You don’t have to lived damaged. You can life whole and in abundance. As women, we are bombarded by society’s insistence on labeling us, whether it be based on our profession, our supposed body type, our fashion choices, our level of education, or our perceived viability. But none of those labels have to stick. You are not “damaged goods” in the eyes of your Creator. You are fearfully and wonderfully made (Psalm 139). You are royalty (Psalm 45). It’s time to stop hiding behind “damaged goods”, do the heart work, and grow into your purpose. Embrace wholehearted living, heal your heart through grace, and show up for life.

Don’t just survive; THRIVE.

This too shall pass…but you must go through

[Isa 43:2 NLT] When you go through deep waters, I will be with you. When you go through rivers of difficulty, you will not drown. When you walk through the fire of oppression, you will not be burned up; the flames will not consume you.

     A lot can be learned from thunderstorms. The one thing I am reminded of by thunderstorms, usually because I am driving in them, is two-fold.

     First, storms ALWAYS end. No matter how long they last, or how torrential and turbulent they may be, they always end. Whether they blow in another direction or the storm dissipates, the fact remains: The storm will pass. This principle also applies to the storms of life. For all intents and purposes, all the clichés point to truth. No trial is perpetual. But one must understand the underlying source of the shift in the length of your circumstances — ATTITUDE. How you respond to your circumstances directly affects how long you will be in those circumstances. If you choose a pity party and to complain about them, you will suffer much more and at your own hands. However, if you choose a humble and teachable posture in spite of your circumstances, you open yourself up to finding the purpose within the storm.  And this makes all the difference, which brings me to the second point.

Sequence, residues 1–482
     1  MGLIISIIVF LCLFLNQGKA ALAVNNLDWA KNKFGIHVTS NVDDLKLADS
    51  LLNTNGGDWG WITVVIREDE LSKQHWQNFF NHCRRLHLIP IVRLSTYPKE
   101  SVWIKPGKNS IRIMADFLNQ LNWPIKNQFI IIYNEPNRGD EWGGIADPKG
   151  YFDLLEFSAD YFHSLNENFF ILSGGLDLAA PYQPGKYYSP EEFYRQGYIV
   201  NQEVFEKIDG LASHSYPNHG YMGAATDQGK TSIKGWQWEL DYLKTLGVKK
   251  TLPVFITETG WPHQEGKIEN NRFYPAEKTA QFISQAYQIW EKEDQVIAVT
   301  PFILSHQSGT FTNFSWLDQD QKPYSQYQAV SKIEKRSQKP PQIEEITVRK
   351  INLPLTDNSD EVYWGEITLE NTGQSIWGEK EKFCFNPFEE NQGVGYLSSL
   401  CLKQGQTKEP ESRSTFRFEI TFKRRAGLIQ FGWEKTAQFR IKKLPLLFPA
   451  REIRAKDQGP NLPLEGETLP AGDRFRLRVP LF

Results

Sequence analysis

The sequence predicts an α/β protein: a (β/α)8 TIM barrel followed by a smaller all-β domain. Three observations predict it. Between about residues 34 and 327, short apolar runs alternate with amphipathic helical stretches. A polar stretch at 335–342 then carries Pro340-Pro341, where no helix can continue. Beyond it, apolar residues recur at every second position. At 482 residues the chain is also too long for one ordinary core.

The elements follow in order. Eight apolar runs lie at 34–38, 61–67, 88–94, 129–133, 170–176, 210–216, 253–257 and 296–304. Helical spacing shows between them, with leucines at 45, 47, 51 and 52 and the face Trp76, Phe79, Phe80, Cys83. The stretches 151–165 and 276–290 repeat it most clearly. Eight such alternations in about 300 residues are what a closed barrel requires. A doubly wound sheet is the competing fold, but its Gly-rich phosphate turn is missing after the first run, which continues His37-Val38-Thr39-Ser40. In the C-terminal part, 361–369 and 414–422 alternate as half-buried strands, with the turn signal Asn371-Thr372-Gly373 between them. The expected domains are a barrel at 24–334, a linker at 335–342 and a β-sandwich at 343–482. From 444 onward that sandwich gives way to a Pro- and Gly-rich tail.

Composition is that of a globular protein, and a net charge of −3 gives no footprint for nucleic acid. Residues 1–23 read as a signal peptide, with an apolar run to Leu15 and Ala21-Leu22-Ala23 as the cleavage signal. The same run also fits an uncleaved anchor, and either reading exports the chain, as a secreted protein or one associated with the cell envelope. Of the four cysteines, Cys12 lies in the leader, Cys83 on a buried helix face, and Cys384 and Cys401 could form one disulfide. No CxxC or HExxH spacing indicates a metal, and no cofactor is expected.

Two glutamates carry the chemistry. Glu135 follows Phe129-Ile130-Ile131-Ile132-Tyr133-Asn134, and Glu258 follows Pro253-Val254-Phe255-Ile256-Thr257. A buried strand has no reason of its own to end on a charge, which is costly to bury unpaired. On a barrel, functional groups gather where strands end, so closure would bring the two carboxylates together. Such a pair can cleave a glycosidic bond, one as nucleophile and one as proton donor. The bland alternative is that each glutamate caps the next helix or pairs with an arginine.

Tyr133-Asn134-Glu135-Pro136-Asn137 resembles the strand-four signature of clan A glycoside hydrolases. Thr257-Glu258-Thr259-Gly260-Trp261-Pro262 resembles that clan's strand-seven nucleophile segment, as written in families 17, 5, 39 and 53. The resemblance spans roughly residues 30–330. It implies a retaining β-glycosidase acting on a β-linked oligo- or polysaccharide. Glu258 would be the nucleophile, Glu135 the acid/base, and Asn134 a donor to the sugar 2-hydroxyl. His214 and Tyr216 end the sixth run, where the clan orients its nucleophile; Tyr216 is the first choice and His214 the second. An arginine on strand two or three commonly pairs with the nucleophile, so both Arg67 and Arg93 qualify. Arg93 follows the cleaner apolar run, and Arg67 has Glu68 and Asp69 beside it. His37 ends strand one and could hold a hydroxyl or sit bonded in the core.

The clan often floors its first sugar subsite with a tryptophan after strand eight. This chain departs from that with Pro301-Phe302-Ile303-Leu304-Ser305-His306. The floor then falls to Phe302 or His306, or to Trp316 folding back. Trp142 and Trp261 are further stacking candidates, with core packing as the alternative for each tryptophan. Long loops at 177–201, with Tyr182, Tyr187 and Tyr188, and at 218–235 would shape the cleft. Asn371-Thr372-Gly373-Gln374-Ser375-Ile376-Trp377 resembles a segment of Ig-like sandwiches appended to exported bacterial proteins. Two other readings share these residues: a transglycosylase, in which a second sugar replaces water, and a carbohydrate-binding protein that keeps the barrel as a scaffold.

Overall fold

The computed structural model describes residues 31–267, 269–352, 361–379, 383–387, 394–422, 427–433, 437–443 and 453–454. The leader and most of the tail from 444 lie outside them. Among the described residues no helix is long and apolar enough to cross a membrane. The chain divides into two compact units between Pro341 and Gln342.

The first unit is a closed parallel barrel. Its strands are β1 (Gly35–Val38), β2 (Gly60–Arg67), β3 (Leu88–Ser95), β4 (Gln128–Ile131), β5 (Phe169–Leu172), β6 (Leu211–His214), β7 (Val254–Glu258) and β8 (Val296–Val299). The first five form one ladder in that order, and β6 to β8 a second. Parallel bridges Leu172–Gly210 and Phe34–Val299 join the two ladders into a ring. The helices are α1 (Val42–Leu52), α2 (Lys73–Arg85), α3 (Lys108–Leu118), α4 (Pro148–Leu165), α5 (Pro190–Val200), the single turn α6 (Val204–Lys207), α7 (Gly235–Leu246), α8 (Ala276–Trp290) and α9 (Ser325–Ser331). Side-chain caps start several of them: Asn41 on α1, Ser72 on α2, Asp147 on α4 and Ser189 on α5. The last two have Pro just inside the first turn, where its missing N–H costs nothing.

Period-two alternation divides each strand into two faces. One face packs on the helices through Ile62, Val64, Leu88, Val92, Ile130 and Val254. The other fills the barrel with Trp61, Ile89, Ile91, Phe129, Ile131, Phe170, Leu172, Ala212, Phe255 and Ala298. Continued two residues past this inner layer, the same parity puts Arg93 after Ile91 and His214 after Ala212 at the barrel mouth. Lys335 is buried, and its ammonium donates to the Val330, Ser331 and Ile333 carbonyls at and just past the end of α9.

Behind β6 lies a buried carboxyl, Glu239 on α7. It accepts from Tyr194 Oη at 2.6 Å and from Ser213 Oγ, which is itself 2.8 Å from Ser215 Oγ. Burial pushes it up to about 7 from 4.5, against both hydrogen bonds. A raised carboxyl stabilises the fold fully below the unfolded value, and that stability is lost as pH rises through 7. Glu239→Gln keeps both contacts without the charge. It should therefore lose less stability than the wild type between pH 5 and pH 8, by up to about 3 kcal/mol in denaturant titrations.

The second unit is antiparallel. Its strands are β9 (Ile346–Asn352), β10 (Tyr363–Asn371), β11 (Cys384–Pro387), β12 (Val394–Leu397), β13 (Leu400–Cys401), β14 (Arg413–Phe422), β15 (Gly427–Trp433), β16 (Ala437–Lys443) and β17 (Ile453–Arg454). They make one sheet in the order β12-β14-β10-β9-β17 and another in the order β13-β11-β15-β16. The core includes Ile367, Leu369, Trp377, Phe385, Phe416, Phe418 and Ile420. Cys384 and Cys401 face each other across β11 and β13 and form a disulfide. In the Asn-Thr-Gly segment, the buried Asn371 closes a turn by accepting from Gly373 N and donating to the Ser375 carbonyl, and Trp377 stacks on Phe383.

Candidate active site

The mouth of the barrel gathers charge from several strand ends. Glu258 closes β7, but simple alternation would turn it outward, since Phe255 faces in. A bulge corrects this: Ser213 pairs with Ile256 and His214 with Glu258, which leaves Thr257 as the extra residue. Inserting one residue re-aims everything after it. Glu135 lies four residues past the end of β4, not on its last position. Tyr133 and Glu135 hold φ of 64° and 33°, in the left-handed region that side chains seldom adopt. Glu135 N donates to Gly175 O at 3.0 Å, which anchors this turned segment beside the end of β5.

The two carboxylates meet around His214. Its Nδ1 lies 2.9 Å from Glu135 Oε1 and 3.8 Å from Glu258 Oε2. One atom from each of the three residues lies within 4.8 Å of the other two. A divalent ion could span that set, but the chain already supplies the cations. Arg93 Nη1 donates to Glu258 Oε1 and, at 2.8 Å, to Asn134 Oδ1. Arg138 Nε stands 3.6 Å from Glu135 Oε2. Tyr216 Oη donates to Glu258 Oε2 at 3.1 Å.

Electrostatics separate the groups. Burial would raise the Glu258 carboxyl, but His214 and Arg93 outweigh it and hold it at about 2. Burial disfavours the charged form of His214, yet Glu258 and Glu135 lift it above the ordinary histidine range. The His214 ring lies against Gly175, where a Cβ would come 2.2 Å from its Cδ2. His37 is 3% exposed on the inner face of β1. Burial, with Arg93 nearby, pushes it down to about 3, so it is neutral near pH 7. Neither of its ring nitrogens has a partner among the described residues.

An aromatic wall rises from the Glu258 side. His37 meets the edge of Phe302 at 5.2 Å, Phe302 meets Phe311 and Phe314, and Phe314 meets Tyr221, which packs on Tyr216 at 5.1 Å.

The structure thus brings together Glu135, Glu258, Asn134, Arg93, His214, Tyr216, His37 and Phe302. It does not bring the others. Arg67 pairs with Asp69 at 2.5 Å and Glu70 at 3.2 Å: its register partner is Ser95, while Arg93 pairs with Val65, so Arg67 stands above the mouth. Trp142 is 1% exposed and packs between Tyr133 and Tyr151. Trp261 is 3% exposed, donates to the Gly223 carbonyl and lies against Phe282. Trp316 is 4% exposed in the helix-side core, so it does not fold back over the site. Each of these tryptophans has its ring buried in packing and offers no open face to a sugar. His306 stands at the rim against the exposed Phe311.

You cannot get around a storm; you must go through. Somehow, we have been allowed to believe that we can pray or bargain our way out of tough circumstances. It’s simply not so. The only way out is THROUGH. But you don’t have to go through alone. God’s promise of His presence is echoed over and over throughout Scripture. When He commissioned Joshua after the death of Moses. When He spoke to Gideon while he was hiding in a winepress. When Gabriel spoke to Mary before she gave birth to the Messiah. But I love the words He spoke to Israel in exile through the prophet Isaiah: “When you go through deep waters, I will be with you.” Even when Jesus prepared to reunite with the Trinity, He promised the disciples that He would always be with them, “even unto the end of the age.” Trials and hard situations can often feel very lonely, especially when the tangibles don’t seem to understand or try to be sympathetic. It can be very easy to feel isolated and alone. But, because God’s Word does not return to Him useless and void, and because His promises have no expiration date, you can know and be confident that, no matter where you are or what you are going through, your Creator is walking with right beside you. Not only that, He is your cheerleader, your coach, your confidante, and will carry you when you get too weary to press forward. Part of getting through is remembering who is walking with you. Mark Batterson describes God as “He who dwelt in the burning bush.” If God chose to occupy a bush that burned without being consumed to speak to Moses, He will walk with you. If Jesus walked on water and beckoned Peter to join Him, He will keep you. If God could be ever-present with the Israelites in the wilderness in a cloud by day and a fireball by night, He will most assuredly keep His promise to never leave you or forsake you. You may have no choice but to walk through the storm, but you won’t have to go through alone.